Writing Under the Gun
Playwrights take up the fight for gun control.
By Justin Warner
In the first weeks after Adam Lanza walked into Sandy Hook Elementary in Newtown, Conn., and killed 20 children and 6 teachers with his mother’s semi-automatic rifle, gun-control advocates in Congress pushed for sweeping reforms with a renewed sense of purpose. Within four months, they had dropped every demand except a modest background check expansion, which died in a Senate filibuster. But during the same time period, even as the response on Capitol Hill has deflated, a band of playwrights’ response to the massacre has taken muscular form.
The theatrical movement, Gun Control Theatre Action, has poured its message into 24 Gun Control Plays, a diverse collection of three- to seven-minute shorts by an international cadre of writers. Politically minded playwright Caridad Svich launched the project shortly after the Newtown shootings, when a friend asked if she was writing a gun-control play. “I wasn’t, but I felt like I should,” she recalls. “But I didn’t want to write it by myself.”
Instead, Svich sent out an open call to playwrights right after New Year’s Day 2013, and within two weeks, she received over 100 short plays, monologues, and poems, approaching the subject of gun violence from a multitude of angles. At the same time, Molly Smith, artistic director of Arena Stage in Washington, D.C., was organizing aMarch on Washington for Gun Control on January 26. Svich quickly coordinated with Smith, along with director John Moletress of the interdisciplinary ensemble force/collision, the bicoastal production company Twinbiz, and Theatre J artistic director Ari Roth, to present 12 of the new plays at Theatre J after the march. Serendipitously, one of the playwrights, Kyle Bostian, helped set up a similar event with Pittsburgh PACT on the same day.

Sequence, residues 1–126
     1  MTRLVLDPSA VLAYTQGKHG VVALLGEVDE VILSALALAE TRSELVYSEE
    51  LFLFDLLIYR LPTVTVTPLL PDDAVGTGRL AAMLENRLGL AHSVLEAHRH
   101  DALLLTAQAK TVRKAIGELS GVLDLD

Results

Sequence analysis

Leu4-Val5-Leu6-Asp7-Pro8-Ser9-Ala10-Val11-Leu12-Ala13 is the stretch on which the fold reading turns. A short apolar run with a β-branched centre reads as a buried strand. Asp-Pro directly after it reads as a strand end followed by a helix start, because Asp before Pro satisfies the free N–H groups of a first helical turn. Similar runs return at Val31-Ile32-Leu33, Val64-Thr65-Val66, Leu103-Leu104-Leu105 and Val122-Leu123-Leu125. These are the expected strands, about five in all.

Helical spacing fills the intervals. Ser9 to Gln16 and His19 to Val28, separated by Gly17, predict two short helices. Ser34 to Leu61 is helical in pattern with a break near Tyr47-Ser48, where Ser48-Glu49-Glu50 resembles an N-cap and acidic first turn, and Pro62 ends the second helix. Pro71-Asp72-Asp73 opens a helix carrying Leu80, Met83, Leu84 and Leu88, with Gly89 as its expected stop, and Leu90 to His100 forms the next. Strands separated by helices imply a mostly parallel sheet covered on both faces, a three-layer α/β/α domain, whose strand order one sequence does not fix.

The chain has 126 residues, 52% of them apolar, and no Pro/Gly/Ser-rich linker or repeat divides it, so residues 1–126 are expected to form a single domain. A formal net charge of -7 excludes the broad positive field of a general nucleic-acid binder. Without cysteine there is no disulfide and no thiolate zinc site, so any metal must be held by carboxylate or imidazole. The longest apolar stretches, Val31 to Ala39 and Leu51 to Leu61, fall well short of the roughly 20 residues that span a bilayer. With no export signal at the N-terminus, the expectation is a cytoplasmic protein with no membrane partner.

Since then, various combinations of the 24 core plays, written by Svich, Bostian, Neil LaBute, Saviana Stanescu, and many others, have been performed in venues like New York’s New Dramatists, Seattle’s Theatre Simple, the MLK Memorial in D.C., and the Darlinghurst Theatre in Sydney, Australia. The latter two performance were part of a global Gun Control Theatre Action Week, coordinated in the last week of May by Svich’s company No Passport and the New York-based collective The Vicious Circle. No Passport’s press also published the plays in an anthology, and offered open rights to producers around the world during Action Week.
To broaden the reach of the plays, Svich’s team will continue to look for opportunities to perform them at public events. They’ve also filmed some of the plays and posted them to a YouTube channel. While she has no illusions that the plays will instantly chnage anyone’s mind on the issue, Svich hopes they’ll spur people to reflect on, and potentially re-frame, the underlying issues—including the reverence for guns in American culture and how that reverence can interact with anger, fear, and mental illness.
“I feel Congress has failed us,” Svich said. “And so we have to do something as artists, to keep the dialogue open,” she says. “We’re citizens. This is our tool. And our tool can matter.”